Los Angeles, California Foster Care Abuse Lawyers

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Los Angeles, California Foster Care Abuse Lawyers

According to Lilliput Children’s Services, a nonprofit provider of foster, adoption, and kinship services, federal data indicates that there are currently more than 400,000 children in the foster care system throughout the United States.

Child Abuse in the Foster Care System

Los Angeles, California Foster Care Abuse Lawyers

Here in California, Lilliput estimates that there are currently between 64,196 and 66,250 children and youth in foster care.

Some additional statistics pertaining to the California foster care system include:

Sex Abuse in Foster Care: Why Does It Happen?

  • 52% of the youth in the California foster care system are boys.
  • 48% of the youth in the California foster care system are girls.
  • On average, 50% of the children entering foster care in California will be placed with three or more families.
  • On average, kids in California who enter the foster care system will remain in care for 14 months before being placed with a permanent family.
  • 45% (less than half) of children in the California foster care system will be adopted.
  • In 2018, 4,313 children celebrated their 18th birthday in foster care.
  • Less than half of all foster youth in California graduate high school.
  • 75% of young women in foster care report at least one pregnancy by age 21.
  • Every year about 4,000 youth age out of care in California with no place to call home.
  • Half of youth who have aged out of foster care end up homeless or incarcerated.

As of 2021, the nonprofit Children’s Defense Fund estimates that a child is removed from his or her home and placed into foster care every two minutes in the U.S. Sadly, many children in the foster care system are often neglected and abused.

How many children are in the California Foster Care System?

Abuse In The California Foster Care System

According to the Public Policy Institute of California (PPIC) in 2010 there were around 60,000 children in the California foster care system on any given day.

Foster Care Statistics in California

  • This accounts for 15% of the national total of 402,378 children. Of the 60,000 children in the California foster care system. 13,167 of those children are awaiting adoption.
  • Many children in California’s foster care system experience frequent placement changes. Children who are in foster care for 24 months or longer 15% experienced 5 or more placements and 44% experienced 3 or more placements.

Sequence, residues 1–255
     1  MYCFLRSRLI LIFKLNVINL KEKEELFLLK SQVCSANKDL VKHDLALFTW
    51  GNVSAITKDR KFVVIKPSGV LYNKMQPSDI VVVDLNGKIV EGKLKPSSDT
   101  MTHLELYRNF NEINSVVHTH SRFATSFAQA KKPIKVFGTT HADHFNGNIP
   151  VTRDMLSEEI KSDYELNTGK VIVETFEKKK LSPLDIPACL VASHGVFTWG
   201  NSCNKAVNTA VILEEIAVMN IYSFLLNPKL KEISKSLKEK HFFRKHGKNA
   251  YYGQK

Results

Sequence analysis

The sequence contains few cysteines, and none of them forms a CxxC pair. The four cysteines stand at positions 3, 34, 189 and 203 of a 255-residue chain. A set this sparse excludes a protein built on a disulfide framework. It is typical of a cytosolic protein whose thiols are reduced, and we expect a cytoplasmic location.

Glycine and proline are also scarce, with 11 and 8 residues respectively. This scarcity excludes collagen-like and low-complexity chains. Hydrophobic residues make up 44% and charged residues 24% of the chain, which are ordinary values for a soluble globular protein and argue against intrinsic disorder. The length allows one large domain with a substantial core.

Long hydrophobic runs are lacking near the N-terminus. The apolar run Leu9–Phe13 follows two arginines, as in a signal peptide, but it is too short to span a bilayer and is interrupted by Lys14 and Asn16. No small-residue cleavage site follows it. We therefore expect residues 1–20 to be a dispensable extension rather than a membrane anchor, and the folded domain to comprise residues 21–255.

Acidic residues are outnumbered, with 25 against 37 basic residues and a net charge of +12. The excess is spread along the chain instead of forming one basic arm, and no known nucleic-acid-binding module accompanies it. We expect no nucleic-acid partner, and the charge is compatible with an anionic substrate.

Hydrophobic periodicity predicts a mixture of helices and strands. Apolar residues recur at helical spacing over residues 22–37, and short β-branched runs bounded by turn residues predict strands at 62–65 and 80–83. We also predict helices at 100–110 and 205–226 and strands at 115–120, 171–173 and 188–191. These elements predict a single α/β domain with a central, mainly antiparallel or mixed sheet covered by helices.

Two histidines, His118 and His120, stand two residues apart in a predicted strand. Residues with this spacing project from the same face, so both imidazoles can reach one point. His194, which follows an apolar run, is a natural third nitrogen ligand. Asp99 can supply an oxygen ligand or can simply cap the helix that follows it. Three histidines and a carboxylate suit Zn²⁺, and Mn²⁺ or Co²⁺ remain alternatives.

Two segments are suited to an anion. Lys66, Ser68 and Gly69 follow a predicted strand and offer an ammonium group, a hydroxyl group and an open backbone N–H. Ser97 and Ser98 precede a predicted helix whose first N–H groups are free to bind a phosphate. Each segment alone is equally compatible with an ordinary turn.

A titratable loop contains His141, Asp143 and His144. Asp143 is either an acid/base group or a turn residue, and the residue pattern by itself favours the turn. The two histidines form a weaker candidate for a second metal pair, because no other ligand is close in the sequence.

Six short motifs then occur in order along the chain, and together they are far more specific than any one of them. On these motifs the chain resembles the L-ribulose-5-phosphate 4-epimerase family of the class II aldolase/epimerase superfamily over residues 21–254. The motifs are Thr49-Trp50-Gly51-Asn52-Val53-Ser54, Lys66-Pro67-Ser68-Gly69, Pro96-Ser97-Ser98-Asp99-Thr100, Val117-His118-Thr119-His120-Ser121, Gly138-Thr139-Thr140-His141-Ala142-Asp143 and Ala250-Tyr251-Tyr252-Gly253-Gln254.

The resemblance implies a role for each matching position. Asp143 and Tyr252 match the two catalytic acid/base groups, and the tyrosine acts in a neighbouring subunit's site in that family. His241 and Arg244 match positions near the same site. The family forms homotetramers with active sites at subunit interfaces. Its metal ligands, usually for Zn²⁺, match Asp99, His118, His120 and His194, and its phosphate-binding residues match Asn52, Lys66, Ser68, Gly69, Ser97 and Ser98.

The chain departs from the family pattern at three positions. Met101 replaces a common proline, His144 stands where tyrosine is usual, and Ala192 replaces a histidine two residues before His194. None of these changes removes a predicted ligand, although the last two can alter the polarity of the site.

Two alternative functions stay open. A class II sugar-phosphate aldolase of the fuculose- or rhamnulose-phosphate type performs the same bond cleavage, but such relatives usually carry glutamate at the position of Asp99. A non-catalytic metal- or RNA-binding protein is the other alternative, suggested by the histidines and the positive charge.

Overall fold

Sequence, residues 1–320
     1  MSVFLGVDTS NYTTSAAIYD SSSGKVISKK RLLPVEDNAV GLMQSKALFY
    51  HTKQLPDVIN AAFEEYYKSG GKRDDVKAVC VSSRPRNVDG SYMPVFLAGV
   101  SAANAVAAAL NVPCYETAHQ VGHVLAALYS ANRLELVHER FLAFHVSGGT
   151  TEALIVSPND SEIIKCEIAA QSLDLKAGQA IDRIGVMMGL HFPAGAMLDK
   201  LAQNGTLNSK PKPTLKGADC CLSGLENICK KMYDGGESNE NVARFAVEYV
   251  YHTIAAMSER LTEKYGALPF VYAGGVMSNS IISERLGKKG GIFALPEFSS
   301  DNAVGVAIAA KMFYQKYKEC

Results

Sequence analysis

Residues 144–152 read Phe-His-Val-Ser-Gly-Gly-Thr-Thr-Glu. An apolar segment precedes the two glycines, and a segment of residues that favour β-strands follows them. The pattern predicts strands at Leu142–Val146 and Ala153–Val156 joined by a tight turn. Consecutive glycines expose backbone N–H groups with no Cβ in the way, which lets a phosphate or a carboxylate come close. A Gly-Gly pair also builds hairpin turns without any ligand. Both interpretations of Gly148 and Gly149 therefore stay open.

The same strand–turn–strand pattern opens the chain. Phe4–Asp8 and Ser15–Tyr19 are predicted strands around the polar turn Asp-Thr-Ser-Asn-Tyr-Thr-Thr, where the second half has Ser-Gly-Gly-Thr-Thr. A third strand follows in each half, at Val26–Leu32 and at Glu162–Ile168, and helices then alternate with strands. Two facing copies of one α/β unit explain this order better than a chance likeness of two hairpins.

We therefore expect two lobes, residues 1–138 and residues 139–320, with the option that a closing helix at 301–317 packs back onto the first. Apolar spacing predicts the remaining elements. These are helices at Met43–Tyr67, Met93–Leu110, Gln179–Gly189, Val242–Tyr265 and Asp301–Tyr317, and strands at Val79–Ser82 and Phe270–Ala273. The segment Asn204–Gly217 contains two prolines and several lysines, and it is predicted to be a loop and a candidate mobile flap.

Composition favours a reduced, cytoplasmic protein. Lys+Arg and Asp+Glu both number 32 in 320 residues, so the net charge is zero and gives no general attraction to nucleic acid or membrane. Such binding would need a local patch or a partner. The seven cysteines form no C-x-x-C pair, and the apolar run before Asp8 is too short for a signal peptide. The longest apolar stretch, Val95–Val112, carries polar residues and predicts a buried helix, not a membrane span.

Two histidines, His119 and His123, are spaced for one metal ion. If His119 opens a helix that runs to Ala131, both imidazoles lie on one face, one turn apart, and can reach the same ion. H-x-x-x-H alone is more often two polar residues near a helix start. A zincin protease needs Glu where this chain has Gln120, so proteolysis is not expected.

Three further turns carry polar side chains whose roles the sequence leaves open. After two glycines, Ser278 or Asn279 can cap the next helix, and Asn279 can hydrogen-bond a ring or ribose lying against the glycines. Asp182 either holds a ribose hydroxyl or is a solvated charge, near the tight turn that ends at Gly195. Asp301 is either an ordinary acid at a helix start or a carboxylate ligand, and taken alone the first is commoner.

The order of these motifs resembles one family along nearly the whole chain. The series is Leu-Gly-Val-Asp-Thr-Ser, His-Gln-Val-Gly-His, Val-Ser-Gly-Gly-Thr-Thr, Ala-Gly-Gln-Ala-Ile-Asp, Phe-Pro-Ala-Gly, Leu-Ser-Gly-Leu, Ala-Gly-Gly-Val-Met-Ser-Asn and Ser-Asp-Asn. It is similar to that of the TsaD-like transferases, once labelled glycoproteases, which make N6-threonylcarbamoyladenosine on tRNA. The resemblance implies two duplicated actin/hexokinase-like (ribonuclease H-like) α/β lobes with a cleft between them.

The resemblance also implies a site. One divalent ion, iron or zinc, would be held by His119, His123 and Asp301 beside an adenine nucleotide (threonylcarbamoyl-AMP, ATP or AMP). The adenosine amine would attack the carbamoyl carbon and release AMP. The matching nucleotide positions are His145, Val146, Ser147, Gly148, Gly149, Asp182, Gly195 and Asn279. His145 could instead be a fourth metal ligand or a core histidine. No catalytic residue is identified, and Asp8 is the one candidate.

• Children in foster care have experienced abuse, neglect, and other adverse childhood experiences that can negatively impact their health. In fact, half of all kids in foster care have endured four or more adverse childhood experiences.
  • California makes up for around 7% of the children in U.S. foster homes
  • 33% of cases reported are for children below the age of 5 years old
  • Roughly 4,000 children age out of foster care in California every year
  • In California, children enter foster care for abuse and neglect 12% of the time and “other” 88% of the time.
  • CLC serves the 35,000 children and youth in the Los Angeles, Sacramento, and Placer county foster care systems.

Foster Care Statistics in California

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How Common is Physical and Sexual Abuse in the Foster Care Abuse?

According to the Children’s Defense Fund, in 2019, 651,505 children were victims of abuse or neglect (a decrease of 21,643 compared to the previous year). Those figures mean that a child within the foster care system is either abused or neglected approximately every 48 seconds in America (1,785 times per day). That’s a truly alarming statistic, but as data provided by the Children’s Defense Fund indicates, foster care abuse and neglect is not only prevalent but systemic:

  • More than half of all child maltreatment cases in 2019 involved children who were six years old or younger.
  • 14.9% of those cases involved infants under 1-year-old.
  • Neglect, often a proxy for the consequences of poverty, was the most common reason for children entering the child welfare system.
  • Neglect was associated with a child’s removal in 63% of cases.
  • Issues related to unsafe or substandard housing were associated with 10% of child removals.
  • After steadily rising every year since 2008, the proportion of child removals in which parental drug abuse played a role declined in 2019.
  • Parental drug abuse is partly responsible for 34% of child removals, while alcohol abuse played a role in 5% of child removals.
  • A common misconception is that physical and sexual abuse are the primary drivers of child welfare involvement, though these serious forms of abuse factor into a smaller portion of cases.
  • Physical abuse was associated with 13% of removals, while sexual abuse was associated with 4% of children being removed from the foster care system.
  • Children spend an average of 19.6 months in foster care, with 14% spending more than three years in the system.
  • Children of color, particularly Black and American Indian/Alaska Native children, are dramatically overrepresented in the child welfare system.
  • Of every 1,000 white children in the United States, 5.2 are in foster care, compared with 9.9 of every 1,000 Black children and 16.9 of every 1,000 American Indian/Alaska Native children.
  • Nationally, Black children are represented in foster care at a rate that is 1.66 times their portion of the overall population, and in 18 states at a rate that is more than double.
  • American Indian/Alaska Native children are represented in foster care at a rate that is 2.84 times their portion of the population nationally. This disproportionality varies by state, however, with 11 states where the percent of the foster care population that is American Indian/Alaska Native is more than double the percent of the overall child population that is American Indian/Alaska Native, including one state where it is more than 15 times as high.